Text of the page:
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03/06/2016

The referendum and housing

 

With the EU referendum creeping ever closer, Remarkable takes a quick look at the
possible outcomes for a Remain or Brexit vote and what it means for the housing
sector.

This week's headlines have been, as usual, dominated by the EU, with Liam Fox MP claiming that
young people will struggle to get on the housing ladder if the UK stays in the
European Union. This of course, may be true, especially as open borders and
immigration puts an extra strain on an already limited housing stock,
inevitably causing prices to rise. Could Brexit therefore solve the UK’s
housing crisis? A leave vote could certainly be welcome news for first time
buyers with house prices estimated to fall by as much as 25%. The National
Association of Estate Agents and the Association of Residential Letting Agents
have also claimed that a leave vote could see demand fall, leaving renters
facing fairer and more reasonable prices, although this could mean landlords
bearing the brunt in terms of mortgage repayments.

On
the other side of the coin, a vote for Brexit may cause severe implications for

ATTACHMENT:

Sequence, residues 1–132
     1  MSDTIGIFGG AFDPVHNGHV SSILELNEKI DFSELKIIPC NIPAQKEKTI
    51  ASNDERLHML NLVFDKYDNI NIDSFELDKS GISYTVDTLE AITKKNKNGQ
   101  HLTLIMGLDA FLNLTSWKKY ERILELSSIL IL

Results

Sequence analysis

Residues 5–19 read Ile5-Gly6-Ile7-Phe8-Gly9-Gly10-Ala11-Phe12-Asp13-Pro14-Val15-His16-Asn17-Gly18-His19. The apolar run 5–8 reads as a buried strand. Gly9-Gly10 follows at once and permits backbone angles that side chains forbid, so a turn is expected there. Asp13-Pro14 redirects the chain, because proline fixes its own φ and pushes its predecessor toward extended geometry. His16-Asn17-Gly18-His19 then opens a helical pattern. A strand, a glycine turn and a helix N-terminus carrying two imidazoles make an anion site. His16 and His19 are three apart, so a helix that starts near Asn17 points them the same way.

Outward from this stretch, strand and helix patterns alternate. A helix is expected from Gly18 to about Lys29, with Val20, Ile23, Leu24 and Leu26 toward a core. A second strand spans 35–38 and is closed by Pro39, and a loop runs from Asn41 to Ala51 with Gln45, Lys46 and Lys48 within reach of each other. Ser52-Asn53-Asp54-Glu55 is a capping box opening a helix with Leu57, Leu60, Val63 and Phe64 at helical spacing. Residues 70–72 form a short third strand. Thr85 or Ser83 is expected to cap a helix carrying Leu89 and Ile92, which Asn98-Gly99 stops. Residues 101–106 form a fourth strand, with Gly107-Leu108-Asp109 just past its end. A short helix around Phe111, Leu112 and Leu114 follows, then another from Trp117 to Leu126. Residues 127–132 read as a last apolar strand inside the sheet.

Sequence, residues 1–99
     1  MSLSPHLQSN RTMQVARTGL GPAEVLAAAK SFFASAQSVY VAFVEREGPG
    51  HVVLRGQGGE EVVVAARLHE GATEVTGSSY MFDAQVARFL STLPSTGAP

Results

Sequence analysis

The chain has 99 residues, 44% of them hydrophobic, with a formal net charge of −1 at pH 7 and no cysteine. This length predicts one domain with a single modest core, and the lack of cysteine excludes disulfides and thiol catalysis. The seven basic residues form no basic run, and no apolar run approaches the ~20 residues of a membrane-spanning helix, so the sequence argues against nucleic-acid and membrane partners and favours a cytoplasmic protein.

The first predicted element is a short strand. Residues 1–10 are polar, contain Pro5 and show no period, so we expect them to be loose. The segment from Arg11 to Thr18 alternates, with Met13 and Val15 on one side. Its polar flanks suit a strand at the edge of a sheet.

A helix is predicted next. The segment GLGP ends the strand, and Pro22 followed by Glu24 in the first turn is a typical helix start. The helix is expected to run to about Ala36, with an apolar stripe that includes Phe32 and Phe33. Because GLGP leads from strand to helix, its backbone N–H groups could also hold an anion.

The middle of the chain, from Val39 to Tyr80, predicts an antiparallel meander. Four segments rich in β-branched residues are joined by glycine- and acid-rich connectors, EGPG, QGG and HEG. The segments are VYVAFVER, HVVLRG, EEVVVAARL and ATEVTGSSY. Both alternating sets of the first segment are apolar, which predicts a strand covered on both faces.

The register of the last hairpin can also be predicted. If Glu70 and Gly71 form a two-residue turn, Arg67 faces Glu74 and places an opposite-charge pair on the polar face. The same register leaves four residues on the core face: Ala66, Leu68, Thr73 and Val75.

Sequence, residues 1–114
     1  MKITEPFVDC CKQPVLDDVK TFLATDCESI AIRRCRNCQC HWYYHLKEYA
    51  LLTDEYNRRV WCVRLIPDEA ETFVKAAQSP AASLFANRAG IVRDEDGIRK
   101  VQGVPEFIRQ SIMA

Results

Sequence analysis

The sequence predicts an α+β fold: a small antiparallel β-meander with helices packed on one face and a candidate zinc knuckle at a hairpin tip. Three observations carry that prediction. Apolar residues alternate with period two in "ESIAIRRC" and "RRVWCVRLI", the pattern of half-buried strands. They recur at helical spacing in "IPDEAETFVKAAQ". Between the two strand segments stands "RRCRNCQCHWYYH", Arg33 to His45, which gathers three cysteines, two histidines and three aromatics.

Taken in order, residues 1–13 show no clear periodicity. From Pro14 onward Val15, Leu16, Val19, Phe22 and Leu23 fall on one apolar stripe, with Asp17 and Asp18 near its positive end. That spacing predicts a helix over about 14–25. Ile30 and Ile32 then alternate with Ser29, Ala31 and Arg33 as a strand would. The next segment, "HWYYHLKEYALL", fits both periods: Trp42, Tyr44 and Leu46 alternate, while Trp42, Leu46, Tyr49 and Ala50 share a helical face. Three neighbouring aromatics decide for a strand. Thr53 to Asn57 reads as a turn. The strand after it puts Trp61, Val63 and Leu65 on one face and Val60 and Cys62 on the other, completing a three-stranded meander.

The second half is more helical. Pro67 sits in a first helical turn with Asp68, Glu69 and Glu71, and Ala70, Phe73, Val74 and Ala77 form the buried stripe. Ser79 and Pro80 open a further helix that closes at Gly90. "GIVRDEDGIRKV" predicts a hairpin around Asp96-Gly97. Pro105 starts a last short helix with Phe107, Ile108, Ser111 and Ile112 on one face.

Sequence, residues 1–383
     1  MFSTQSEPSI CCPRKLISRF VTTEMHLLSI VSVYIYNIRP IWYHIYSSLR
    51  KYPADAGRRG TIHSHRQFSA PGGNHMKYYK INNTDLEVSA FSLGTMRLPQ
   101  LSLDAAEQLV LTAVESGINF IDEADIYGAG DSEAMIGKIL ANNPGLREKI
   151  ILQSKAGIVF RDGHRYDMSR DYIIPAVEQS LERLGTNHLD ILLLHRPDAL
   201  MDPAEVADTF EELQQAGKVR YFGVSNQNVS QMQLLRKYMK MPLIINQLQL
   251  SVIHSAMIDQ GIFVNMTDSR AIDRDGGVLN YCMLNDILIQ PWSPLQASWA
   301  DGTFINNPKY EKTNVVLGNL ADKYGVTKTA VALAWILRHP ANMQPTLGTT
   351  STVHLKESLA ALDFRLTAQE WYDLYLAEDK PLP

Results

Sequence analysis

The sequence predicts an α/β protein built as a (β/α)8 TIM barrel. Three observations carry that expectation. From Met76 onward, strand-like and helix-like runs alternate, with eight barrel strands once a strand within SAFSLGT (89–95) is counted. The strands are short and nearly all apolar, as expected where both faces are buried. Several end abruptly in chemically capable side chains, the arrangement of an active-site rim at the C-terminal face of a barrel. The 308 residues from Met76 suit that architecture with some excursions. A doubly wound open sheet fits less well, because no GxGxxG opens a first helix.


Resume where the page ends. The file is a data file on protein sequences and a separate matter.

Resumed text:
the housing market. Even before the vote, foreign investors are postponing
decisions until the results are announced - there is nothing markets fear more
than uncertainty and a June exit from the EU will only compound the decline of
foreign investment in the short-term at least. On a more practical point, the
UK is heavily reliant on EU labour and the ability to access a large pool of
cheaply skilled migrants. Exiting the EU would therefore hit the construction
industry hard with new builds stalling and the beginning of a fresh skills
shortage – a nightmare scenario for the Conservative Party and their ambitious
target of 1 million new homes by 2020.

Like
much of the debate until now, nothing is clear and the housing sector is a
prime example. What is certain though is that Conservatives housing legacy
hinges on the 23rd June.

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